If God may save or damn any man (and if it is therefore possible for any man to be saved or damned) then no man is of himself worth saving. If men were inherently worth saving then God would save them all: otherwise he would be failing to do what ought to be done. Yet many theologies teach that God does not save all. Therefore it must be that all are not worth saving. That is, since every man who is saved may possibly not be, then each man who is saved is not of himself worth saving.
But if no man is worth saving why should we care if any are saved? Why should I care and desire the salvation of wife or child or friend if these are not worth saving, if in fact in the eyes of God they could be either saved or damned indifferently? To desire the salvation of something that’s not worth saving would be like desiring that a pile of poo would be saved, or a pebble, or an atom, or a vacuum of empty space. In fact such a desire would be an act of injustice, for we would be desiring the naturally unlovable to be loved. This view taken to its logical conclusion means that we ought to cease to care for any and all created good – even ourselves – since none of it is worth saving or redeeming. None of these things have of themselves any redeeming qualities, anything worth perfecting, anything worth loving. We therefore have no reason to want their redemption or perfection or even their continued existence. In fact since they do not deserve these things, to want such goods for them is unjust.
What a lonely, dreary life! To be constantly killing and careless of the things we come to love! Everything we come in contact with in which we delight and think good, is, in the eyes of such a god, something that may as well never see the glory of heaven! Why then ought these things to endure? And why ought we to care for them? In reality they are not worth a care, for the supreme and highest one of all has not invested them with such a dignity. Goodbye family with bonds as hard as iron and roots as deep as an oaktree! Goodbye new formed eyes of the child, opening for the first time! Goodbye joyful laugh of friend and tender gaze of lover! Goodbye ties of youth and old acquaintance, both barely remembered, but longed to be united to again! Since none of you all are worth anything in yourself and since God need not keep you around why oug. I must become such that I care not if anything I’ve ever loved is saved, since no creature I’ve loved really is worth saving! And since indeed much of it God will not save!
What man can live this way? God himself says it is not good for man to be alone. And the apostle’s breast burned in love for his brethren, so much he says he wished he could be accursed for their sake. Did not God say that the creation was “very good”?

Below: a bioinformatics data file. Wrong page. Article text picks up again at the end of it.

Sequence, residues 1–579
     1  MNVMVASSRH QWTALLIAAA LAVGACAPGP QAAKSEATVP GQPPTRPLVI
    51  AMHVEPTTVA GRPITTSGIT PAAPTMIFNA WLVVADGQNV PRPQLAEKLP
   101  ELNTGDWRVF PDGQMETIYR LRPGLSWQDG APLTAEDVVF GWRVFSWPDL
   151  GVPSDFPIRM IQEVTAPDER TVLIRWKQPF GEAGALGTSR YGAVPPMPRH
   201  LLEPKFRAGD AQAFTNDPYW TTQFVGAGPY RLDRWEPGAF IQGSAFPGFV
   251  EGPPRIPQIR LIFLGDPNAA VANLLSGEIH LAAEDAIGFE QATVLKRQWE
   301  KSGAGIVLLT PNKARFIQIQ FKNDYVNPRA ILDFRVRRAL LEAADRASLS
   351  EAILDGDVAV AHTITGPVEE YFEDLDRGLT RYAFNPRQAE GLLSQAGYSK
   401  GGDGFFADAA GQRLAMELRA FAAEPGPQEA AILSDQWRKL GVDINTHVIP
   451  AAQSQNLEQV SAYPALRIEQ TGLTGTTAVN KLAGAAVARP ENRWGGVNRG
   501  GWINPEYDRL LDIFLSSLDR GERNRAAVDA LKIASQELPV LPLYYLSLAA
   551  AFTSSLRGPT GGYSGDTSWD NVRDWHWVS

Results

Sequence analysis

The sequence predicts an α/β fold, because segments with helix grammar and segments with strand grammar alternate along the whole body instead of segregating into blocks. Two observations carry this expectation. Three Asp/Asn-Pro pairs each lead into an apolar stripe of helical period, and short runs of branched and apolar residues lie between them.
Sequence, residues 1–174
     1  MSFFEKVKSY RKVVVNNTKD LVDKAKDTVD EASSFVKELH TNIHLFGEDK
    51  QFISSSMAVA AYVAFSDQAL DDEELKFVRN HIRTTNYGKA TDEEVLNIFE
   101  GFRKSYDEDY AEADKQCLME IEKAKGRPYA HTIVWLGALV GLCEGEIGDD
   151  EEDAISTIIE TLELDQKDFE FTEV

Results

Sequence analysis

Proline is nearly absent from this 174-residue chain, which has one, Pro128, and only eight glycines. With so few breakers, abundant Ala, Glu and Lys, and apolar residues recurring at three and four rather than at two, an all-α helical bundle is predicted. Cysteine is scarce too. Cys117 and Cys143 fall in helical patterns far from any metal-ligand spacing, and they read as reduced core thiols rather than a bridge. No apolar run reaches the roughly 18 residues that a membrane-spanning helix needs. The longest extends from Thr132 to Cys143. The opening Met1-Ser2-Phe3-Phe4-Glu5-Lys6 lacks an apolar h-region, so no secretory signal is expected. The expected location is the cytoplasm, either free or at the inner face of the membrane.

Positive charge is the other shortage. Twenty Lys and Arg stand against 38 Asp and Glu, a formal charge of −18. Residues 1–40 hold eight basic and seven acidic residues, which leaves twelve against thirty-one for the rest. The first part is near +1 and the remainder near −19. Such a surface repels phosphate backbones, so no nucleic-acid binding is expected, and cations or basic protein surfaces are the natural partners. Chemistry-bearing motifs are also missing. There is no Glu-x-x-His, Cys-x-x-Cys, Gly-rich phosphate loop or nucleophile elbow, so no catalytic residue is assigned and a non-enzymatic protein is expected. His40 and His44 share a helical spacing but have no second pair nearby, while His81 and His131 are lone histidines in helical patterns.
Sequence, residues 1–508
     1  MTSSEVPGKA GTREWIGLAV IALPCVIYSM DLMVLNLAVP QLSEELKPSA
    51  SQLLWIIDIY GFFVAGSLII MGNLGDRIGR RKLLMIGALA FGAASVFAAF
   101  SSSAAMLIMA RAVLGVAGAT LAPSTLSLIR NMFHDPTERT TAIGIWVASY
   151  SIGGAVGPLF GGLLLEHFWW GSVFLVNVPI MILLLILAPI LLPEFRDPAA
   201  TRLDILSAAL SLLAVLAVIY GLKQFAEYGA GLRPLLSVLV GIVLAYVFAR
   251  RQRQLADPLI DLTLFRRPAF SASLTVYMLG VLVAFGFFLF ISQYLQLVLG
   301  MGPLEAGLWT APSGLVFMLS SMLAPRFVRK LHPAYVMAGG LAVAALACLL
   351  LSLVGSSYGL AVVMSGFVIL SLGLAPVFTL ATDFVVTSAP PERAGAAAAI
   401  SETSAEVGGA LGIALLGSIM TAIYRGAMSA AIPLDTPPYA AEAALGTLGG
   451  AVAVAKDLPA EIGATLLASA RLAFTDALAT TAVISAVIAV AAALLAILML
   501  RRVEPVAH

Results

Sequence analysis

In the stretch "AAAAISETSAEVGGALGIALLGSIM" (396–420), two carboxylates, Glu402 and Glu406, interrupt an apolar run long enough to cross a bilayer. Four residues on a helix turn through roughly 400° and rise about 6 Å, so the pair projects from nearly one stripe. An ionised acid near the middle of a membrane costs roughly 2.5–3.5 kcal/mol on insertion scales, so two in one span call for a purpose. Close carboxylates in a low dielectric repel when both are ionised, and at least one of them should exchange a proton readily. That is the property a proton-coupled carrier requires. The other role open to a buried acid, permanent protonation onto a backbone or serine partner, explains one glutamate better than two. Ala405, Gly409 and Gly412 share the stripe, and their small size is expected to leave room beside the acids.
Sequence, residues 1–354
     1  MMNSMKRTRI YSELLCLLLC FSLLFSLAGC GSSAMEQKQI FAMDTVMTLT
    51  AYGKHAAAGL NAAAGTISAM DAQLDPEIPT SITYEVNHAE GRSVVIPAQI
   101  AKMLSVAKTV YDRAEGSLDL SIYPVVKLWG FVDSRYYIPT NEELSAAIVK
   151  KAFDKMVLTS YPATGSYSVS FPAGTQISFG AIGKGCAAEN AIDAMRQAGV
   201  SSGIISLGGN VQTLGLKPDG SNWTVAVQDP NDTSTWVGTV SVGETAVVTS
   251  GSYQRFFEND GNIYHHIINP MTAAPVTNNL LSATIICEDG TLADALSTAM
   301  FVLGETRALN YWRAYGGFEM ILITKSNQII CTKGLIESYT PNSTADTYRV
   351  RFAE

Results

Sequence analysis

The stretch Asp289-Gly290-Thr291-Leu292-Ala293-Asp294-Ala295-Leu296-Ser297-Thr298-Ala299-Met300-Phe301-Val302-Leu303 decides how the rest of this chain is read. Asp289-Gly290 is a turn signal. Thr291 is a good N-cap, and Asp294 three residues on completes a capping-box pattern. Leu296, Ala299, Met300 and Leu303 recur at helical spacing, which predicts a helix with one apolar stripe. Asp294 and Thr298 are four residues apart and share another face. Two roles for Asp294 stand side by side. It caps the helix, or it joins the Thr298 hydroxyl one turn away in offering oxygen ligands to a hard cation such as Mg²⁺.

Note well the problem I am pointing out. It is not that such creatures we love will be lost (though that is true.) Rather, it is that they could be. It is that they are such that they really of themselves are not worth anything: that the goodness in them is not really good in the sense of worth keeping around. It is that they are, in a word, worthless: not that they they actually will or will not be saved.
But if things really are worth saving, must God not save them all?
I end with this passage from George MacDonald from his book At the Back of the North Wind.
“Do you remember what the song you were singing a week ago says about Bo-Peep—how she lost her sheep, but got twice as many lambs?” asked North Wind, sitting down on the grass, and placing him in her lap as before.
“Oh yes, I do, well enough,” answered Diamond; “but I never just quite liked that rhyme.”
“Why not, child?”
“Because it seems to say one’s as good as another, or two new ones are better than one that’s lost. I’ve been thinking about it a great deal, and it seems to me that although any one sixpence is as good as any other sixpence, not twenty lambs would do instead of one sheep whose face you knew. Somehow, when once you’ve looked into anybody’s eyes, right deep down into them, I mean, nobody will do for that one any more. Nobody, ever so beautiful or so good, will make up for that one going out of sight. So you see, North Wind, I can’t help being frightened to think that perhaps I am only dreaming, and you are nowhere at all. Do tell me that you are my own, real, beautiful North Wind.”